Let’s take the example of Property Courses

There are many property courses available for investors, often the investors are self employed/sole traders/individual investors, the courses can cost thousands.

What courses are claimable:

  • Improving your skills – for example you have a basic understanding of finances but want improve your knowledge of tax

What courses are not claimable:

  • Beginners Day/Novice Courses – any course for beginners or novices would suggest you have no previous knowledge so they won’t be allowed
  • New Skills – you want to learn something new for example you currently let property and want to learn how to do property development

If the course is disallowed the travel costs will also be disallowed

What about companies?

The rules for companies are much easier to comply with and written with a much wider scope..

Income Tax (Earnings and Pensions) Act 2003

Section 250 Exemption of work-related training provision

(1)No liability to income tax arises by virtue of—

(a)the provision for an employee of work-related training or any benefit incidental to such training, or

(b)the payment or reimbursement to or in respect of an employee of—

(i)the cost of work-related training or of any benefit incidental to such training, or

(ii)any costs of a kind specified in subsection (2) in respect of such training.

(2)The costs are—

(a)costs which are incidental to the employee undertaking the training,

(b)expenses incurred in connection with an examination or other assessment of what the employee has gained from the training, and

(c)the cost of obtaining any qualification, registration or award to which the employee becomes or may become entitled as a result of the training or such an examination or other assessment.

Section 251 Meaning of “work-related training”

(1)In this Chapter “work-related training”, in relation to an employee, means a training course or other activity designed to impart, instil, improve or reinforce any knowledge, skills or personal qualities which—

(a)are likely to prove useful to the employee when performing the duties of the employment or a related employment, or

(b)will qualify or better qualify the employee—

(i)to perform those duties, or

(ii)to participate in any charitable or voluntary activities that are available to be performed in association with the employment or a related employment.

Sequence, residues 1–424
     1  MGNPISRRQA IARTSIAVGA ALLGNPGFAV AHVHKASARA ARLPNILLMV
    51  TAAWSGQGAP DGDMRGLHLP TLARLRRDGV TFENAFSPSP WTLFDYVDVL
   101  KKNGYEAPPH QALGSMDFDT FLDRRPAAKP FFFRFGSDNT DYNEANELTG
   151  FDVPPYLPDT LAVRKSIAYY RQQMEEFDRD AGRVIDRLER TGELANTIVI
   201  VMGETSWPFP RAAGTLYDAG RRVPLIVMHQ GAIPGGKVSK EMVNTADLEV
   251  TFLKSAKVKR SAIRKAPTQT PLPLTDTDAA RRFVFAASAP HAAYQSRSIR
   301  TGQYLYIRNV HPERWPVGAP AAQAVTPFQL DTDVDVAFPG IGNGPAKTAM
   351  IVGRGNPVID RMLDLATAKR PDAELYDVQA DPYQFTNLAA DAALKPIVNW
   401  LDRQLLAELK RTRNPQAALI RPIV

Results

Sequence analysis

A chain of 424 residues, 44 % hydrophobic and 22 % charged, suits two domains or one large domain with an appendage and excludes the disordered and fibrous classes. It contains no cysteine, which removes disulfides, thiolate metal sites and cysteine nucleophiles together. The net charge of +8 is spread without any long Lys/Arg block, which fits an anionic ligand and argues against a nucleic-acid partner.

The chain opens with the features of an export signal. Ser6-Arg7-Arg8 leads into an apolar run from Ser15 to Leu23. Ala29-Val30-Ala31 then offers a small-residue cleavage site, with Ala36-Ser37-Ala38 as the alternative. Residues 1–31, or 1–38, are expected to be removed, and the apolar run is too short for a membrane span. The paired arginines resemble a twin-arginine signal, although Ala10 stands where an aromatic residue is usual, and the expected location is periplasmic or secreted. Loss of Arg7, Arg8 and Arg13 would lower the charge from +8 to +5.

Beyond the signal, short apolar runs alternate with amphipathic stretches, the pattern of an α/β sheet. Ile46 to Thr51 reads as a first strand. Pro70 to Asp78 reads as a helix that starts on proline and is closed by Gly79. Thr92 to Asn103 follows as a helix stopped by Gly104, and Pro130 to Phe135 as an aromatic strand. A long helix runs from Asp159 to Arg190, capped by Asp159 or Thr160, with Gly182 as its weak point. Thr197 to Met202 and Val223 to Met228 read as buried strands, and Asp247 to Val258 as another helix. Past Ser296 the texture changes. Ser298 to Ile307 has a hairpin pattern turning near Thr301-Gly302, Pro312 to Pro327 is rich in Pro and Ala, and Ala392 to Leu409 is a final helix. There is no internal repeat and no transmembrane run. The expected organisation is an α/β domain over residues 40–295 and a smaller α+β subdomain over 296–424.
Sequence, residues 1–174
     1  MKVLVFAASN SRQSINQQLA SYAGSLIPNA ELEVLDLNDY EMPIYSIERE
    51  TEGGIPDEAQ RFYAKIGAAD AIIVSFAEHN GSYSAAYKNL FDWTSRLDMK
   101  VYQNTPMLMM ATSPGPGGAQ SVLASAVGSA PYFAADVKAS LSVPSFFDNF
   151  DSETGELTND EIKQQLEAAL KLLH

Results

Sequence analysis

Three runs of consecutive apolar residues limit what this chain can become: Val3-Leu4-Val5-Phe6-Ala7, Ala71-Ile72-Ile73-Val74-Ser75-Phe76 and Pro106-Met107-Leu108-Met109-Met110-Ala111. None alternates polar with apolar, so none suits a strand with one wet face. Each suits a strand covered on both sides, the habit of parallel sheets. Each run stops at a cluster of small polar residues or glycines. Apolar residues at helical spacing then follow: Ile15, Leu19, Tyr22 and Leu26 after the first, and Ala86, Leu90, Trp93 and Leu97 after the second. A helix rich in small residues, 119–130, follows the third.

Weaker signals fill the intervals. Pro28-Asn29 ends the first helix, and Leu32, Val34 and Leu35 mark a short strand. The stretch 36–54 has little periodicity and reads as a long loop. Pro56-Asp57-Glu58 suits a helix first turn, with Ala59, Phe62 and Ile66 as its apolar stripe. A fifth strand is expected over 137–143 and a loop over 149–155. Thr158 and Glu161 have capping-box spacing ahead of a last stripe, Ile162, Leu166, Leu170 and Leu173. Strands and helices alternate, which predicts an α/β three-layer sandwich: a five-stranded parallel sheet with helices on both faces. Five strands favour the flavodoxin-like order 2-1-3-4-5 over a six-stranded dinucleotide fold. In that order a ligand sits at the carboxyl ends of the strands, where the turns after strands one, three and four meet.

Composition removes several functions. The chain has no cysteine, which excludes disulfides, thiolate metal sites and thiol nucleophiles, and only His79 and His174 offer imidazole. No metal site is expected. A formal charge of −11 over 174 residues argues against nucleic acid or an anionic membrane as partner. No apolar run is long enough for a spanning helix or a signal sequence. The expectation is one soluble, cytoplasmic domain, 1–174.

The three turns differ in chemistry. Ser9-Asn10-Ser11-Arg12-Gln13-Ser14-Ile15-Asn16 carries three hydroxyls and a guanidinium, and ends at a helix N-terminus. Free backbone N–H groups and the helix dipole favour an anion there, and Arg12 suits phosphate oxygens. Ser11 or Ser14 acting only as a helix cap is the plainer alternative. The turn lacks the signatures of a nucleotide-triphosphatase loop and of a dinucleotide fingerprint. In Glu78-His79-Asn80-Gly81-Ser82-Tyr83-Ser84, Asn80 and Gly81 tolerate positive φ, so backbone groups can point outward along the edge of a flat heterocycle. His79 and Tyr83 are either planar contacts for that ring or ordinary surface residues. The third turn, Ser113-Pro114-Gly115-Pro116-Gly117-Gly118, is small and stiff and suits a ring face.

(2)For this purpose “related employment”, in relation to an employee, means another employment with the same employer, or with a person connected with the employer, which the employee—

(a)is to hold,

(b)has a serious opportunity of holding, or

(c)can realistically expect to have a serious opportunity of holding in due course.

steve@bicknells.net

Can my Staff have tax free living accommodation? Reply

Emergency Mobile Application

In general providing living accommodation to employees is treated as a taxable benefit in kind with the benefit value based on the cash equivalent.
accommodation value
The main occupations which satisfy the rules for exemption are:
• agricultural workers living on farms or agricultural estates
• lock-gate and level crossing gatekeepers
•caretakers who live on the premises for which they are responsible where
they are on call outside normal working hours
•stewards and greenkeepers who live on the premises they look after
•managers of public houses who live on the premises
•wardens of sheltered housing who live on the premises where they are on
call outside normal working hours
•police officers and Ministry of Defence police
•prison governors, officers and chaplains
•clergymen and ministers of religion, unless engaged on administrative
duties only
•members of HM Forces
•members of the Diplomatic Service
•managers of newspaper shops that have paper rounds
•managers of traditional off-licences, that is, those with opening hours
equivalent to a public house
•in boarding schools where staff are provided with accommodation on
or near the school premises – the head teacher, other teachers with pastoral
or other irregular contractual responsibilities outside normal school hours
(for example, housemaster), bursar, matron, nurse and doctor
•veterinary surgeons who live close to the practice in order to respond
regularly to emergency calls
•managers of camping and caravan sites living on, or near to, the premises
•stable staff of racehorse trainers, who live on the premises and certain key
workers who live close to the stables.

The Test

Basically the test is based on ‘necessary’ and ‘customary’ https://www.gov.uk/hmrc-internal-manuals/employment-income-manual/eim11300

The test is only satisfied where the employee can demonstrate that occupation of the particular property (as opposed to any other property) is essential to the proper performance of the duties of the employment.

Support for this view can be derived from Langley and Others v Appleby (53TC1), in which Fox J said at page 21
“if it is asserted that it is essential for the servant to occupy the house in order to perform his duties, it seems to me that the servant must establish affirmatively that for the performance of his duties he must live in that house and no other.”
The words “that house and no other” emphasise the strict nature of the test.

An employee may claim that it is necessary to occupy a particular residence because the employer requires the employee to live there. This is not enough to satisfy the test. It must be shown that the duties of the employment require occupation of the residence. An argument that the employee cannot afford to live elsewhere is not sufficient, see Vertigan v Brady (60TC624).

Rent Allowances and Deductions

It is common for an employee to:

  • own the property he lives in, or
  • rent the property from a third party, not his employer.

In both cases the employer may pay the employee extra salary or a rent allowance to help with the accommodation costs. This extra salary or rent allowance will count as earnings under Section 62 ITEPA 2003